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The reliability of feminist intuition

Updated on: 12 April,2024 04:32 AM IST  |  Mumbai
Rosalyn D`mello |

The best outcomes of my life are the result of following this powerful compass, which enables one to gravitate towards all that is nourishing and regenerative

The reliability of feminist intuition

The alpine region between Austria and Northern Italy. Pic/Rosalyn D’Mello

Rosalyn D’MelloLast week I took the early morning train to Innsbruck which involved a stopover at the Brenner pass. By the time I arrived, the sun had risen. It was a gorgeous blue-sky day. Azure blue, the kind that contrasts against snow-capped peaks. Instead of taking a taxi, I chose to walk uphill to Schloss Büchsenhausen, which is on the way to the Alpine Zoo. My feet needed no form of steering. I didn’t need to look up where I was on a map in relation to where I needed to go to. I knew the way by heart and by sight. In fact, I knew multiple ways of arrival. I had walked to and fro so many times between 2021 and 2022, I could get there blindfolded.

The approach I took last Thursday was not different or unusual, I meandered through the old city, past the glint of the golden roof and the bridge over the river Inn, and then I took the right turn that passes by the statue of Walther von der Vögelweide and crossed the road two shops away from the Kebap joint run by a Kurdish woman who makes excellent falafel. I walked uphill towards the church of Saint Nikolaus, crossed the road and began the leftward ascent until I arrived at the residency space which had hosted me back then—Künstler:innenhaus Büchsenhausen. This time I wasn’t there to participate in an event or even to do my own research. When Veronika, one of the administrators of the space, greeted and hugged me, she said, ‘Welcome back in this new role’. I told her how excited I was. Soon enough, I sat down with another ex-fellow and the director and we kicked off our jurying duties to shortlist fellows for the next year.

I have been on juries before, but this felt so special because I had once been a fellow and a resident. I couldn’t escape the consciousness that at some moment in time, a jury sat and discussed my application. It was validating in many ways, but it also felt like a measure of how far I’ve come in my immigrant journey. The sense of accomplishment manifested in small things—the fact that walking was a choice and wasn’t my default option in order to save money. I don’t feel precarious like I did then. The other realisation that filled me with a special kind of delight was that I was arriving at the residency for the first time alone. Every other time I had our child with me. In the beginning, he was growing inside me during the second trimester. Then he was an infant and I remember even breastfeeding him while I was in a conversation with a scholar that was being screened online. He was with me when I went to install my work at the group exhibition at the culmination of our residency. But last week as I was arriving, he had just woken up and was at home with his father who would offer him breakfast before taking him to the daycare centre. He would narrate my absence to any interested party as ‘Mama study’.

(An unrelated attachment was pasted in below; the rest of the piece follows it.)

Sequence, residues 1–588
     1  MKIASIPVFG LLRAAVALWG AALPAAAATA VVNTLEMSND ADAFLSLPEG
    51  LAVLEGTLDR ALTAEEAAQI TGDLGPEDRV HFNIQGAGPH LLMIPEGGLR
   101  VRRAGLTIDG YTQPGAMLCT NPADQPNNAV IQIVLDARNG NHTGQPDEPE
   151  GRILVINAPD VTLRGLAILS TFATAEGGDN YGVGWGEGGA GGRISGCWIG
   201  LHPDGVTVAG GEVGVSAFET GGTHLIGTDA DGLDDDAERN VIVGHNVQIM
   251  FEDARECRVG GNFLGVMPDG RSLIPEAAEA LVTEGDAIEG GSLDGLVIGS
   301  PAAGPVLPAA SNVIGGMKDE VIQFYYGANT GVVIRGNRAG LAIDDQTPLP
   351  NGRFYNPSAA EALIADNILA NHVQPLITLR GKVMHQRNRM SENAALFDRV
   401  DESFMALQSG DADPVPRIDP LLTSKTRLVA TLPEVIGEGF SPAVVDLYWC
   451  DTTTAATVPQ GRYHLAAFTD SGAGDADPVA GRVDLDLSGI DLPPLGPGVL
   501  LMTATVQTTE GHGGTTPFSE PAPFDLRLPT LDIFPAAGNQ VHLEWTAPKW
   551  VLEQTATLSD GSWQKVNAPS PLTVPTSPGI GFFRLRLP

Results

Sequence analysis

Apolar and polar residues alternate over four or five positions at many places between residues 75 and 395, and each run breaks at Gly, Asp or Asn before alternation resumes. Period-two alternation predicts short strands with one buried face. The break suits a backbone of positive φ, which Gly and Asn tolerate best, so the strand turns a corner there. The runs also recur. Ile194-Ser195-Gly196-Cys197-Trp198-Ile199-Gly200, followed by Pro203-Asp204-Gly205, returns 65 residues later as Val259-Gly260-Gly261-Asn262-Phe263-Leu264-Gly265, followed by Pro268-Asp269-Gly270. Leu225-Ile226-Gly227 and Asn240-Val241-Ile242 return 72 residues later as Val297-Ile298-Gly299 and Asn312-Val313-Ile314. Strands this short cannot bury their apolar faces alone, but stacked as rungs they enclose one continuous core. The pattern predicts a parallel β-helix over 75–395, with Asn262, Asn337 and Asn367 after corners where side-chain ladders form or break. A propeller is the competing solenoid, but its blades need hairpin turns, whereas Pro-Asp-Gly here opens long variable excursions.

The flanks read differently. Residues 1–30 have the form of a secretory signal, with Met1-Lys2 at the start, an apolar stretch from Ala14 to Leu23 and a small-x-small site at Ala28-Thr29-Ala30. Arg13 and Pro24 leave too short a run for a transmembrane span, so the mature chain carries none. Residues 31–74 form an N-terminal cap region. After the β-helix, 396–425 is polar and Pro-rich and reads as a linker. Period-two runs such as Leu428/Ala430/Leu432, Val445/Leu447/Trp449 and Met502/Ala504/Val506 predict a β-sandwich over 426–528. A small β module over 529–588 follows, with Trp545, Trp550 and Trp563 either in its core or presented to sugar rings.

I’m not trying to suggest the banal ‘time passes so quickly’, because as a primary caregiver, I have definitely felt in my bones the breadth of each hour, even if it feels later like quicksand. I’m reflecting on how the best outcomes in my life have had to do with my having followed a feminist intuition. I’m not even sure how to describe what that means. Because the word intuition itself feels mystified because it is so nestled within the body, somewhere in the intersection between gut, heart, brain and pulse. The proposal I sent in at the time to the residency was called ‘In the Name of the Mother’. I had thought it through completely so every word in my application had been metabolised. It wasn’t hurriedly put together or an attempt at sounding like I had a plan. I knew what my methodology would be. I didn’t feel the need to cite too many writers to sound intelligent. My sentences reflected the fact that I had done the requisite reading, that I had a sense of background research. But I applied before we were anywhere close to conceiving our child, and when I heard I had been accepted, had to decide if it was feasible for me to say yes. My partner was sceptical. For me, it was a hard yes. I look back now at all the writing and the work I did during that period and I marvel a bit at my stamina, even as I remember the many evenings during my pregnancy when I had no energy to be social, and felt oppressed by my gestational diabetes diet.

Since last week I have been trying to lean further into what it means to inhabit the glow of these good decisions that continue to bear fruit. Feminist intuition, I think, has to do with knowing in the pit of your soul that something is a right fit because it empowers you. It’s like a compass that enables you to gravitate towards that which is nourishing and regenerative, the opposite of toxic and depleting.

Deliberating on the life and times of Everywoman, Rosalyn D’Mello is a reputable art critic and the author of A Handbook For My Lover. She tweets @RosaParx
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